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What is lead?
Lead is a heavy, soft metal that occurs naturally in the earth. It is toxic
to humans, and can get into our bodies when we breathe or swallow something that
has lead in it or on it. Young children are most vulnerable to the effects of lead.
Lead was once used in products found in and around homes such as paints, gasoline
and lead solder used for plumbing and food cans. It is still used to make batteries,
ammunition, devices to shield X-rays and some metal pipes. Lead is released into
the environment when burning fossil fuels such as coal, oil and natural gas and
during some mining and manufacturing activities.
Why is lead a concern?
Lead poisoning is entirely preventable, but in Colorado approximately 50-60 children
are confirmed to have lead poisoning each year. Other children may have
an elevated blood lead screening test but do not return for a retest so this elevation
cannot be confirmed.
Lead poisoning often goes unrecognized because it might not cause any obvious signs
or symptoms. But lead poisoning can cause long-term health problems, including learning
disabilities, behavioral problems, and, at very high levels, seizures, coma and
Can lead make me sick?
No level of lead in the body is considered safe.
The health effects of lead
depend on how much lead a person has been exposed to, how often the person is exposed
(such as daily or weekly, for weeks or years) and the age of the person. Young children
below the age of 3 are at the greatest risk because their brains are developing
rapidly and they are crawling, teething and putting objects in their mouths. These
activities put them at increased risk of coming into contact with lead in their
environment just at the time the growing brain is most vulnerable to the harmful
effects of lead exposure.
Lead poisoning is usually due to repeated exposure to small amounts of lead over
time, though lead poisoning can occur if a single lead-containing object, such as
a trinket, is swallowed. Lead affects almost every system in the body, and is particularly
harmful to the
central nervous system
Lead exposure can harm young children and babies even before they are born.
If not detected early, high levels of lead in children can cause:
- Damage to the brain and nervous system
- Speech, language, behavior and learning problems
- Slowed growth
- Hearing problems
- Digestive problems, loss of appetite
Lead poisoning can have long-term health effects, even into adulthood. If you suspect
that you or your child may be exposed to lead, consult your health care provider.
low-cost health clinics
also provide lead testing.
Who is at risk?
Children are at greater risk of lead poisoning if they:
- live in poverty
- live in or regularly visit a home built before 1978 that is in poor condition (lead-based
paint was used in homes before 1978)
- live in or regularly visit a home built before 1978, that is being renovated, or
has been worked on in the past without proper safety precautions
- travel in and out of the United States often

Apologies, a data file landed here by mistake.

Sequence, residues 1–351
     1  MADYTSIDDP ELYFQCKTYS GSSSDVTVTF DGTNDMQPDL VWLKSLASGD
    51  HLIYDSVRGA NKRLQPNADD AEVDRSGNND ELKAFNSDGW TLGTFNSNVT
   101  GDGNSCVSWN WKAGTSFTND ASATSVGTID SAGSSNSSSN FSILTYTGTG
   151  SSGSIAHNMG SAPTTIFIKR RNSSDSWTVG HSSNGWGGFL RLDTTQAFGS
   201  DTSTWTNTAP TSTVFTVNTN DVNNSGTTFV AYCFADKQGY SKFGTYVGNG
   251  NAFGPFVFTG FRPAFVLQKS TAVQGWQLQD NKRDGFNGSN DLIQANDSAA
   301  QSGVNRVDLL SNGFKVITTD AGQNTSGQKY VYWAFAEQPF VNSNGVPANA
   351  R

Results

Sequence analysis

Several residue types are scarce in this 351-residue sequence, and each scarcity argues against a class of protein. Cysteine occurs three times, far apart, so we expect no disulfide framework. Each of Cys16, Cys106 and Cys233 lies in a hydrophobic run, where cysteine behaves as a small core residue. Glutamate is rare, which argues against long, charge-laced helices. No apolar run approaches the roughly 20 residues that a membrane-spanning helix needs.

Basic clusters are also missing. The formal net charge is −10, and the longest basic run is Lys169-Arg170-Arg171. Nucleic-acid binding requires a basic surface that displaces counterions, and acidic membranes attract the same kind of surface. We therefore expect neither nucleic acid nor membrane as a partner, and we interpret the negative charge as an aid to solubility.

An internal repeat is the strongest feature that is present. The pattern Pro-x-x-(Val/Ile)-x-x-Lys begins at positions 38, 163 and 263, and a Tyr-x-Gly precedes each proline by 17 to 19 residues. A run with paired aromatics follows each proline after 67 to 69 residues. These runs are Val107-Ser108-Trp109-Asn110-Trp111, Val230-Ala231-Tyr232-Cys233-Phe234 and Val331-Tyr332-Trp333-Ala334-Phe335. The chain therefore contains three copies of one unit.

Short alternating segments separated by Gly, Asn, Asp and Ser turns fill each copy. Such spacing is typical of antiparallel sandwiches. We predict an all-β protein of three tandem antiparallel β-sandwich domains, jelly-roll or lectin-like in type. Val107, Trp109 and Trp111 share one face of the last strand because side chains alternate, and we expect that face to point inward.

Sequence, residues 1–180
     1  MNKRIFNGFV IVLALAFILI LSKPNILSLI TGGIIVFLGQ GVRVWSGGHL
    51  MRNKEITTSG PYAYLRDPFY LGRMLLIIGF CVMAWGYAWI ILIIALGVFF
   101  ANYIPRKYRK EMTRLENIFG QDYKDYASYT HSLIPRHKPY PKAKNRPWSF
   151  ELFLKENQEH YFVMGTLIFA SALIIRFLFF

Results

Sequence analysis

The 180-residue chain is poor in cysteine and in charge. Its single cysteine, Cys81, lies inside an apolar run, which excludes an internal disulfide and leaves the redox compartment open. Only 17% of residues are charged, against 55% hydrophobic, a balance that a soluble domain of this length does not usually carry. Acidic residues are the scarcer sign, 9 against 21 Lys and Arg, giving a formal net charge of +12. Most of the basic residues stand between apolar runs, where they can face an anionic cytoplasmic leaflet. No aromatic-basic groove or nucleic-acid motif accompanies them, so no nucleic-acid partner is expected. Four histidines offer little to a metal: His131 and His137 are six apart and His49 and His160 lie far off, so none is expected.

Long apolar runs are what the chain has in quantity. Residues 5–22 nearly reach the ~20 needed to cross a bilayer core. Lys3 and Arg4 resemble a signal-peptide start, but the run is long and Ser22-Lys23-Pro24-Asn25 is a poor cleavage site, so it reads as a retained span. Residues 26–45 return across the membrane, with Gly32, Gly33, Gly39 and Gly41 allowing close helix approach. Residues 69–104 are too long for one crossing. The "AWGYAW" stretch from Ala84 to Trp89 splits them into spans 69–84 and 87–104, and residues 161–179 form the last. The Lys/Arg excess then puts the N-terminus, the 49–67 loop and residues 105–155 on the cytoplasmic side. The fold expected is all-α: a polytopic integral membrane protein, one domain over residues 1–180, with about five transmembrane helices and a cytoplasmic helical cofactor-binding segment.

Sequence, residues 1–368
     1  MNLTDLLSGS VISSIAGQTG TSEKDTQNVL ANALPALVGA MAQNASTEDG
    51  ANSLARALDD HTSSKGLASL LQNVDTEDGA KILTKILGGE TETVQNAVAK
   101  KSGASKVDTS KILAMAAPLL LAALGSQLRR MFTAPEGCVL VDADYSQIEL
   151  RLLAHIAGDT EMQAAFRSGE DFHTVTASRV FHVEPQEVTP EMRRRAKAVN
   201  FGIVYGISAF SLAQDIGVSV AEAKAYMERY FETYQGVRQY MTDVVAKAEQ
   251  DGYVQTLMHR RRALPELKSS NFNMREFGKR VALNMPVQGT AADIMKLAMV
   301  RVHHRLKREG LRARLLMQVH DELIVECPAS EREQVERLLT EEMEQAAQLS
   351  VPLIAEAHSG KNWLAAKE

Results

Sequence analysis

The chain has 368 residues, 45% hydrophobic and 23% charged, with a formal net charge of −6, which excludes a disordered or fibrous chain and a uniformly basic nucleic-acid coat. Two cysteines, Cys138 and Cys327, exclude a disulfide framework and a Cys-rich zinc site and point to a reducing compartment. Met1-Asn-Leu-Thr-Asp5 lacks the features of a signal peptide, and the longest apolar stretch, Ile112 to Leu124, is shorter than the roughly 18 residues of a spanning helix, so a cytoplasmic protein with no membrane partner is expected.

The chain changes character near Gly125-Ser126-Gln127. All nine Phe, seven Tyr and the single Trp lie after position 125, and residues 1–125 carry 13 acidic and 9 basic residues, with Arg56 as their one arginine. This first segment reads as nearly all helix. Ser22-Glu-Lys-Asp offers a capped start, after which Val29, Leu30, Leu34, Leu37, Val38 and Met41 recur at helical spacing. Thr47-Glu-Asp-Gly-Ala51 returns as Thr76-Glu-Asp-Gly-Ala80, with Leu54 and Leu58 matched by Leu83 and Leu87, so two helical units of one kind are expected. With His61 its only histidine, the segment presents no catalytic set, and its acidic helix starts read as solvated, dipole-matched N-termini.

- are exposed to products from countries that do not regulate lead as strictly as
it is regulated in the United States (these products often include spices, candies,
herbal remedies, cosmetics and toys)
- have poor nutrition (children are more likely to absorb lead if they are lacking
certain nutrients in their diet)
- have frequent contact with an adult who has a job or a hobby that involves lead
Pregnant women should also be careful to avoid lead exposure because it can harm
babies before they are born.
Who should be tested
The only way to know if a child has lead poisoning is to have the child tested for
lead, because often no symptoms are visible.
Lead poisoning is diagnosed
using a blood test that measures how much lead is in a person’s blood. All children
with increased risk of lead exposure should be tested.
Colorado does not recommend
for all young children. Instead Colorado recommends
for blood lead testing. Colorado guidelines currently recommend that all low-income
children in Colorado should be tested for lead at 12 months and 24 months of age,
using either a capillary or venous blood specimen. See
Colorado’s lead screening recommendations
for further guidance on who should be tested.
It is important to test children when they are young so they can get the appropriate treatment if they have been exposed to lead.
Children under the age of three are at greatest risk from lead poisoning. Health care providers can provide blood
lead testing. Some
low-cost health clinics
also provide lead testing. If a child has a blood lead level of
or higher, then the child’s family works with a health care provider to get the medical care needed
and make the necessary changes to the child’s environment to prevent further lead exposure.
Guidelines for childhood blood lead case management
are provided by the Colorado Department of Public Health and Environment.
You can learn more about lead testing in Colorado by reading the
for lead testing from the Colorado Department of Public Health and Environment, and lead